Please set aside some time to watch this fantastic video about the destruction being done in the "protected" Río Plátano Biosphere Reserve. The video is about 30 minutes long and well worth the time spent as you'll be seeing a part of the world that not many have seen.
The reserve was declared a World Heritage Site by the United Nations in 1982. It includes approximately 5,250 sq. km. (1,300,000 acres) of mountainous and lowland tropical rainforest, where 39 species of mammals, nearly 500 species of birds and 126 reptiles and amphibians have been recorded. Threatened species include giant anteater, Baird's (Central American) tapir, jaguar, ocelot, puma, Central American otter, Caribbean manatee, among others.
In 1996, the UN declared the reserve to be in danger. It was removed from the endangered list in 2007 due to "significant progress", but was placed back on the list again in June 2011 at the request of the government of Honduras due to the combined threats of illegal logging, fishing and land occupation, poaching and the government's reduced capacity to manage the site, notably due to the deterioration of law and to the presence of drug traffickers. As this video shows, much damage is being done in the protected area.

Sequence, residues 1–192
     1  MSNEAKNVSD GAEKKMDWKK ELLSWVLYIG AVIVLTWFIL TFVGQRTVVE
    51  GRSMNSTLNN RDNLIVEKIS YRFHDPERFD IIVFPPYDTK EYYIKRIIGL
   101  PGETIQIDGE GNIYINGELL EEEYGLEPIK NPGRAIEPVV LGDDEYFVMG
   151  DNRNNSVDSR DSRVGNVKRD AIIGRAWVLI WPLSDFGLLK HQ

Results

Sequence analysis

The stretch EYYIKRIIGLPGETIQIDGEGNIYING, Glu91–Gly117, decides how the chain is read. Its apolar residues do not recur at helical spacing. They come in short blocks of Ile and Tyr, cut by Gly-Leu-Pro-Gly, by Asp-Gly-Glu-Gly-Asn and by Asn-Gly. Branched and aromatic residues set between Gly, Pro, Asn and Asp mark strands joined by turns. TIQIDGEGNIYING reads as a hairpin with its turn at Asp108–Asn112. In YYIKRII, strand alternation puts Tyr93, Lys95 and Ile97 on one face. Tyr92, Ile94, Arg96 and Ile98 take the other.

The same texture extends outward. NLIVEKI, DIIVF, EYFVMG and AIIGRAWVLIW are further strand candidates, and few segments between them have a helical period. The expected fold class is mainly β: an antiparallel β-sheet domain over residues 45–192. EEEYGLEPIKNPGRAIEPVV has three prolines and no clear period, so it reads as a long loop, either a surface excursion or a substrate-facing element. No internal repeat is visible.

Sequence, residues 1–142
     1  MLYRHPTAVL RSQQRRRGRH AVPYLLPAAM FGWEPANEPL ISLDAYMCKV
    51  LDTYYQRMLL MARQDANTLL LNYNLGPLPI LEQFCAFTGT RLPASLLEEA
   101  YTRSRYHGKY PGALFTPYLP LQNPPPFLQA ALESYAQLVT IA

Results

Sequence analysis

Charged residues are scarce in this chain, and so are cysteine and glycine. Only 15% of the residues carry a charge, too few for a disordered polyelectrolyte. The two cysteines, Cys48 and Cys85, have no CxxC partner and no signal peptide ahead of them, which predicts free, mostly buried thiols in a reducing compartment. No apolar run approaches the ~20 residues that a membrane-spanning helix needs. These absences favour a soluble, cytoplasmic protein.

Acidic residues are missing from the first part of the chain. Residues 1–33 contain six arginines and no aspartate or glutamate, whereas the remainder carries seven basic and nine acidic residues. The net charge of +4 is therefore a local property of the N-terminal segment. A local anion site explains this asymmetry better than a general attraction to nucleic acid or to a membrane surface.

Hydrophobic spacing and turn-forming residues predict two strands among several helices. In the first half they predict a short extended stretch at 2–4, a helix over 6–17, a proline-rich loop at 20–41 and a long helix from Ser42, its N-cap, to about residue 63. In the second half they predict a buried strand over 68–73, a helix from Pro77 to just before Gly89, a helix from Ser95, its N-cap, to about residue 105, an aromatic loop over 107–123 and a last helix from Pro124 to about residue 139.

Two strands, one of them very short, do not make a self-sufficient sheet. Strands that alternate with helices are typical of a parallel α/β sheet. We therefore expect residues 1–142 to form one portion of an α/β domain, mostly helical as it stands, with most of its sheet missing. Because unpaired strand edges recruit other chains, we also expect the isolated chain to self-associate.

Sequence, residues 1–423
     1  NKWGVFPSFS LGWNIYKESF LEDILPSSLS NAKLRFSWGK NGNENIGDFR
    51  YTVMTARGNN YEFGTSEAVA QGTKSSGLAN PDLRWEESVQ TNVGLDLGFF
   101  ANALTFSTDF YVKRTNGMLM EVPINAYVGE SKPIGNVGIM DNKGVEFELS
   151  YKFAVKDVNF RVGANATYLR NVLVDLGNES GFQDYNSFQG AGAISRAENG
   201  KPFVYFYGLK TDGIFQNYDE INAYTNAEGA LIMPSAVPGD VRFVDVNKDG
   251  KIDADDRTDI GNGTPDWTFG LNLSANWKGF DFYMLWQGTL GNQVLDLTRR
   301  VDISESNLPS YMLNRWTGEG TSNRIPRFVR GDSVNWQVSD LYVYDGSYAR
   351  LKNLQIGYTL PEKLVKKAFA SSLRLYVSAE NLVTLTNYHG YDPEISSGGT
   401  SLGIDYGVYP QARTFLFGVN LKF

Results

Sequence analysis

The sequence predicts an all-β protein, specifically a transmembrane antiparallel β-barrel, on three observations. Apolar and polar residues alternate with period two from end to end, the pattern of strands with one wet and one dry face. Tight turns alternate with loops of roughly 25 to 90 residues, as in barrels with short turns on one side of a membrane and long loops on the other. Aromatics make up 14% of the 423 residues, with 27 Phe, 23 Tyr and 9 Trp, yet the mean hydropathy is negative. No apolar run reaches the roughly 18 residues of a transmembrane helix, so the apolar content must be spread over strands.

But a friend of mine says that the narcos aren't the real problem — except that they scare the authorities away — because they like things all jungly where they can hide their mansions and hummers among the foliage. A bigger problem is the farmers and cattle ranchers who cut down all the trees to grow corn or pasture the cows, and the hunters who kill the animals and dynamite the river to kill the fish.
I'd love to tell you a little story about an adventure in the jungle but I'm afraid that it might put my friend in danger.
According to the UNESCO World Heritage website, the site of Ciudad Blanca (White City) within the protected area constitutes one of the most important archaeological sites of Mayan civilization. Archaeological remains include the Piedras Pintadas petroglyphs on the bed of the Plátano River, believed to belong to an unknown pre-Columbian culture.
Find out more about the Río Plátano Biosphere at the UNESCO website or Wikipedia. Join the Friends of the Río Plátano Biosphere Reserve cause on Facebook.
Or if you are a real adventurer, see it for yourself through a tour with Jorge Salaverri of La Moskitia Ecoaventuras, the guide in this video.
Note: The link to La Moskitia Ecoaventuras has been updated to a more complete website.